(Abed Rahim Khatib/Flash90; Olivier Fitoussi/Flash90)
flag march

Why didn’t Gaza terror groups follow through on their high-profile threats?

By Pesach Benson, United with Israel

Israel held its annual Jerusalem Day flag march in the Old City on May 29, despite Hamas threats to launch rockets. In the end, the march proceeded as planned without any response from Gaza terror groups.

A report released on Monday by the Meir Amit Intelligence and Terrorism Information Center assessed why Hamas didn’t follow through on its vocal threats.

The Tel Aviv-based center researches and analyzes terror-related issues.

The threat level was high, as were Palestinian expectations following a high profile provocative speech by Yahya Sinwar, the head of Hamas in Gaza, at the end of April.

The Amit Center’s report boiled down Hamas’ inaction to five reasons.

1. The IDF was more prepared than last year.

The threats coming from Hamas and Islamic Jihad in the days leading up the flag march cost the terror groups any element of surprise. The IDF happened to be in the middle of a major training exercise, which had a psychological effect on the Palestinians.

In addition to bolstering its defenses, Israel conveyed messages to Hamas through international contacts that a Palestinian attack would draw heavy IDF retaliation.

2. Hamas’s true intention was to spark violent Arab riots across Israel.

According to the Amit Center, most of Hamas’ Arabic propaganda was aimed at Palestinians living in eastern Jerusalem and at Arab Israelis. Hamas hoped to to spark a repeat of the Arab riots in mixed Israeli cities such as Akko, Lod and Ramle.

“However, most of the calls to ‘rebel’ went unheeded,” the report said.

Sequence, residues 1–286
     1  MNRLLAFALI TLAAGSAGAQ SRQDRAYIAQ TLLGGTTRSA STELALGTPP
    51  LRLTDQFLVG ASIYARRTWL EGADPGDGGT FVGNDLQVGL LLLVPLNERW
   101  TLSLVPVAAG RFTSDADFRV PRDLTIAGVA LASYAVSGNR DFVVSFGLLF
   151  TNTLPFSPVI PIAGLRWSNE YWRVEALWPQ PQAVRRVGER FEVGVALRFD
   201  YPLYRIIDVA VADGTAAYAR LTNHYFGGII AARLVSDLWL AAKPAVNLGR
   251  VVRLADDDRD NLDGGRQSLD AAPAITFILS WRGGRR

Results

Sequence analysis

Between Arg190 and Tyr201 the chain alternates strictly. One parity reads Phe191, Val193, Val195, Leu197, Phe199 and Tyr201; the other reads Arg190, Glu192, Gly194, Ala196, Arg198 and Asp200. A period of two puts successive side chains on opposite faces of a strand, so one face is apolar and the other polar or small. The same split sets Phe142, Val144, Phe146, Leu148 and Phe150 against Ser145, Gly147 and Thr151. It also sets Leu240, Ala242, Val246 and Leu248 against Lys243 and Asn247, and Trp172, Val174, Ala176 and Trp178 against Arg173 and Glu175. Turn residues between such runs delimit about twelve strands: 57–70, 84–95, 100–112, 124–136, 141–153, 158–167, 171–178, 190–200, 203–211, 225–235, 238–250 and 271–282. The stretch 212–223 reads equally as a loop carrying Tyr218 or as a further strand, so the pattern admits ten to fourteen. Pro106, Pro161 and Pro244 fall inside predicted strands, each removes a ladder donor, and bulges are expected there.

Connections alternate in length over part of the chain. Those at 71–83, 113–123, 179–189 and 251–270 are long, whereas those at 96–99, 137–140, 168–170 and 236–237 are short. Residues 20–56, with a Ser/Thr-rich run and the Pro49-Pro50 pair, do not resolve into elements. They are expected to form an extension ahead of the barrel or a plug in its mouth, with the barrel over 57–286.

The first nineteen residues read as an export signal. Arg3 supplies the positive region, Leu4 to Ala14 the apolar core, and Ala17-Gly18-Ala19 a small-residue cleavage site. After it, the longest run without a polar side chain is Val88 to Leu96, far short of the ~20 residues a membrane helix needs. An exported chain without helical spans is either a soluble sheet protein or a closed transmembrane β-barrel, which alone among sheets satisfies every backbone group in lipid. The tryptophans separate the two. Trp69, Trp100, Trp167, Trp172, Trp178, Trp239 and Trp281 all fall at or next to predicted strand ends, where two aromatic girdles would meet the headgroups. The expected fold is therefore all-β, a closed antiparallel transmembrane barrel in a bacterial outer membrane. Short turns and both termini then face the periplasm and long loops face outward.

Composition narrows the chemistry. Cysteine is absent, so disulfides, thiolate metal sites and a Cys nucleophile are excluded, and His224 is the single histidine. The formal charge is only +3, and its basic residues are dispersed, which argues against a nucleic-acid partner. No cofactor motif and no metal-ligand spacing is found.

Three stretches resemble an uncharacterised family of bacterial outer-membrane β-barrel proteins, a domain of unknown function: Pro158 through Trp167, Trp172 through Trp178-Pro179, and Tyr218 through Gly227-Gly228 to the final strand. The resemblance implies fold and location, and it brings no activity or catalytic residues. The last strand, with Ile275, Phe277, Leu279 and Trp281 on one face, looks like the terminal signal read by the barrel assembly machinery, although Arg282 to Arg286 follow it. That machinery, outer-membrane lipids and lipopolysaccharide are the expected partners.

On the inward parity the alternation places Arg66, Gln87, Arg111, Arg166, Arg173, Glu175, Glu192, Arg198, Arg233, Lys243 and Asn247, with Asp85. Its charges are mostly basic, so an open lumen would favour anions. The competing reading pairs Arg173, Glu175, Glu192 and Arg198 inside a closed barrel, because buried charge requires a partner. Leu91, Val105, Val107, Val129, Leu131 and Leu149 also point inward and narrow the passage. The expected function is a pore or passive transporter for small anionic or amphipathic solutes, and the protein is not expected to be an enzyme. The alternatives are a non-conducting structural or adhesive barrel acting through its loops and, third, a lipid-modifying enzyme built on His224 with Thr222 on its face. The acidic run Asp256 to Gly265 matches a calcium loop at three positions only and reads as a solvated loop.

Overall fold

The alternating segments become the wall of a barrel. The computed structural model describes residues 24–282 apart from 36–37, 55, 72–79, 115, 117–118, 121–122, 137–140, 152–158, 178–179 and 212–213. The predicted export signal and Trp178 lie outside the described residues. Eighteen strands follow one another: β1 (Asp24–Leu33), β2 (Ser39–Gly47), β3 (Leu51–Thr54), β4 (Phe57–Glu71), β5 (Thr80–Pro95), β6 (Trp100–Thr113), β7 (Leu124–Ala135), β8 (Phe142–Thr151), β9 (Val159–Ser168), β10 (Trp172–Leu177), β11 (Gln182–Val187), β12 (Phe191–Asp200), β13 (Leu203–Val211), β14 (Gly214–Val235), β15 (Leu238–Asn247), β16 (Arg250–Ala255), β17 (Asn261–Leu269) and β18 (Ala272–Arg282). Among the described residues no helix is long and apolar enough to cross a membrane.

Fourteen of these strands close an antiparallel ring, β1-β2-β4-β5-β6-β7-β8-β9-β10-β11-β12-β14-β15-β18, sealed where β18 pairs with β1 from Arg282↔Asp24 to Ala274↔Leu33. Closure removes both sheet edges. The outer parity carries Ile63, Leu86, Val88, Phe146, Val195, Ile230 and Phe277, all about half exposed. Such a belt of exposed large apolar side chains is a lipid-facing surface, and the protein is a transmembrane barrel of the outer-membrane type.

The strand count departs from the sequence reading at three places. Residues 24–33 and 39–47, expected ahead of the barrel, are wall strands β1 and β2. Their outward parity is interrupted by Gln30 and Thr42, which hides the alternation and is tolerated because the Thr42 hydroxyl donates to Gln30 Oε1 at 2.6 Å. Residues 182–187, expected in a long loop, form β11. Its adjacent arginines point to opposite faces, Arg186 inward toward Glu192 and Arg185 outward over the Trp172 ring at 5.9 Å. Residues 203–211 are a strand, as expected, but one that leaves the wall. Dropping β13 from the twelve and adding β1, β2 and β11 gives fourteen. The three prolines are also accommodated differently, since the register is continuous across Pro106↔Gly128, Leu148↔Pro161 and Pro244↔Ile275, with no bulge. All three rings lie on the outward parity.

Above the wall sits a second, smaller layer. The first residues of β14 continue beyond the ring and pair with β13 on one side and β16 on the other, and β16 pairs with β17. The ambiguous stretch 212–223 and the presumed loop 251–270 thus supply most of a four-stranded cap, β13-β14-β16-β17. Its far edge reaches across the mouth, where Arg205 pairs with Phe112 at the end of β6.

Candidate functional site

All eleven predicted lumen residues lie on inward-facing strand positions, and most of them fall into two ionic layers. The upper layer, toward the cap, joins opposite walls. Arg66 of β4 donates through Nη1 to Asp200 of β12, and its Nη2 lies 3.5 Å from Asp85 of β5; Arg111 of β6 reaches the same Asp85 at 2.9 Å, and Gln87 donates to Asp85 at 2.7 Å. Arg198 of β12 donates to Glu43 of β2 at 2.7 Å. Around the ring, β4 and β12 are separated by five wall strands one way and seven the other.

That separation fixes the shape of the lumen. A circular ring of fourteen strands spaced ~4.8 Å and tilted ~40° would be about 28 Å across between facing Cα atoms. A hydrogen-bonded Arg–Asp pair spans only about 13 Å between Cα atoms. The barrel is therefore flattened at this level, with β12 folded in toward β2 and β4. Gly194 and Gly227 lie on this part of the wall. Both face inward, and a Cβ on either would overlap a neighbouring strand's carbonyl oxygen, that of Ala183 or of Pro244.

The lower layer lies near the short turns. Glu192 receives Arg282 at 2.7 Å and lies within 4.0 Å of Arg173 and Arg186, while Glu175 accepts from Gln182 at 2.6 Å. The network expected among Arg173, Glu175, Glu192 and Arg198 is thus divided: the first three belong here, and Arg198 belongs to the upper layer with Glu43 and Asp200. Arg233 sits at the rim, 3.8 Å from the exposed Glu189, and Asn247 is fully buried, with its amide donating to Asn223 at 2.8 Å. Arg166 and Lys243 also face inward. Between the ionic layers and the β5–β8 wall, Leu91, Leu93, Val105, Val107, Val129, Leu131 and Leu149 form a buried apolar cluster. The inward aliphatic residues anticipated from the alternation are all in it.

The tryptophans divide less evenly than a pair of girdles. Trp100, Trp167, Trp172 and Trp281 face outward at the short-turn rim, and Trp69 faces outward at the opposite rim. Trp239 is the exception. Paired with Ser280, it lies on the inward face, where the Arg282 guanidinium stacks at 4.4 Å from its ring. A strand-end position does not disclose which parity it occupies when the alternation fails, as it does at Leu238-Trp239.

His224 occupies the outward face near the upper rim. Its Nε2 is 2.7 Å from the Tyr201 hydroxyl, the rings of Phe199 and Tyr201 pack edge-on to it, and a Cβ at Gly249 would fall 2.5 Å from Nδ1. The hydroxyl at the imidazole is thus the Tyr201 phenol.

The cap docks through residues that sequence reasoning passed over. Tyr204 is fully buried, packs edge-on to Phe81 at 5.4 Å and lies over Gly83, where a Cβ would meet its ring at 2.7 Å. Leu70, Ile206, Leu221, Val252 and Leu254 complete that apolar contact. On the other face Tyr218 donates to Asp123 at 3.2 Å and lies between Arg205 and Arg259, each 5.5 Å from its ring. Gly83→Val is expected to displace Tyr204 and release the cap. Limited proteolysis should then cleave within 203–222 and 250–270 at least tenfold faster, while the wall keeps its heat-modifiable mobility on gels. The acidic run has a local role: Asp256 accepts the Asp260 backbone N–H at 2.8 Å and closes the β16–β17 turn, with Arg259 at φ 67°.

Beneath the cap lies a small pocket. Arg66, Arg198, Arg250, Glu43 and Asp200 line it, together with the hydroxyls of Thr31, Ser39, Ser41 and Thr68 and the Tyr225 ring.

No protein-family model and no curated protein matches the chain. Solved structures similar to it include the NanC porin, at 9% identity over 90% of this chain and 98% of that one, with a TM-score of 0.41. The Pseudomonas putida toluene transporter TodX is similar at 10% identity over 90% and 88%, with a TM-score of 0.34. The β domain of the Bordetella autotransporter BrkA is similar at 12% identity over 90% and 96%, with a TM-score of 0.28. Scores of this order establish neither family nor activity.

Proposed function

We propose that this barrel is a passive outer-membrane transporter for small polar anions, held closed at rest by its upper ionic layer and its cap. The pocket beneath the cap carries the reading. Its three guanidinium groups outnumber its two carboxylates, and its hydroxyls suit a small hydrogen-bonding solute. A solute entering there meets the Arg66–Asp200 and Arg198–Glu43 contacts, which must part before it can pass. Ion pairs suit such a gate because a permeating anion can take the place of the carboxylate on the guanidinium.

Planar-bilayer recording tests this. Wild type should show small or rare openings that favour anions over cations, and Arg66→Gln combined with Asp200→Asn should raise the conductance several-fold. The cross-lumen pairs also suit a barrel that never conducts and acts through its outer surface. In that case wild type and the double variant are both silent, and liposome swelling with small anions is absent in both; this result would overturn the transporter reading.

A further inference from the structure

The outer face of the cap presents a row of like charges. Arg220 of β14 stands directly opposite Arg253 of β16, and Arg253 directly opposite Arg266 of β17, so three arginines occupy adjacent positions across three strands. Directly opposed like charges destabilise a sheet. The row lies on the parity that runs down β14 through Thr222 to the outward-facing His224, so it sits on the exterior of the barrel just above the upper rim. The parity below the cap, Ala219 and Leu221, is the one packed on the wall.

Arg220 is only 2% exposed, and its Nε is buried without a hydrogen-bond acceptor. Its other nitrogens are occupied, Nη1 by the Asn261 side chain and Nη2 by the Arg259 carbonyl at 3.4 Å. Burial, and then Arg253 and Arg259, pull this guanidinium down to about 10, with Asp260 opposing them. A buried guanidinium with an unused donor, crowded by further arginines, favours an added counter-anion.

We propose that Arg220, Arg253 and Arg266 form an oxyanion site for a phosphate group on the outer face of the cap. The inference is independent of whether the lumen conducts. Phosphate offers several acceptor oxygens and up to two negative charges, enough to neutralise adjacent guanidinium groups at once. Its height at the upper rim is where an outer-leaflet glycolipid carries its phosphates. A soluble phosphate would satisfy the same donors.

3. A wave of terror attacks that encouraged Hamas died out.

Hamas was banking on a wave of terror attacks by Palestinians and Arab-Israelis to continue. During a six-week period which overlapped with the Islamic month of Ramadan, 16 Israelis and three foreigners were killed in a series of shooting, stabbing and car-ramming attacks.

The majority of those attacks originated in the Jenin area, prompting an IDF military operation there.

Widespread rioting, especially in eastern Jerusalem, might have provided an opening for Gaza terror groups to fire rockets, but Hamas failed to catch the wave.

4. Hamas claimed other countries begged it not to fire.

International appeals to Hamas not to escalate the situation were spun by the terror group as a sign of its increased regional stature.

Such a “gain” may have relieved pressure on Hamas to escalate.

5. Hamas claimed success anyway.

In explaining to Palestinians dissatisfied with the terror group’s decision to hold back, holding back, Hamas spokesman Fawzi Barhoum falsely claimed the threats forced Israel to change the route of the march. And Ibrahim al-Madhoun, a Hamas personality currently living in Istanbul, claimed in a May 30 tweet that the IDF’s heightened security precautions cost Israel a significant amount of money.

Hamas claimed the purported change in the path of the march was a psychological victory.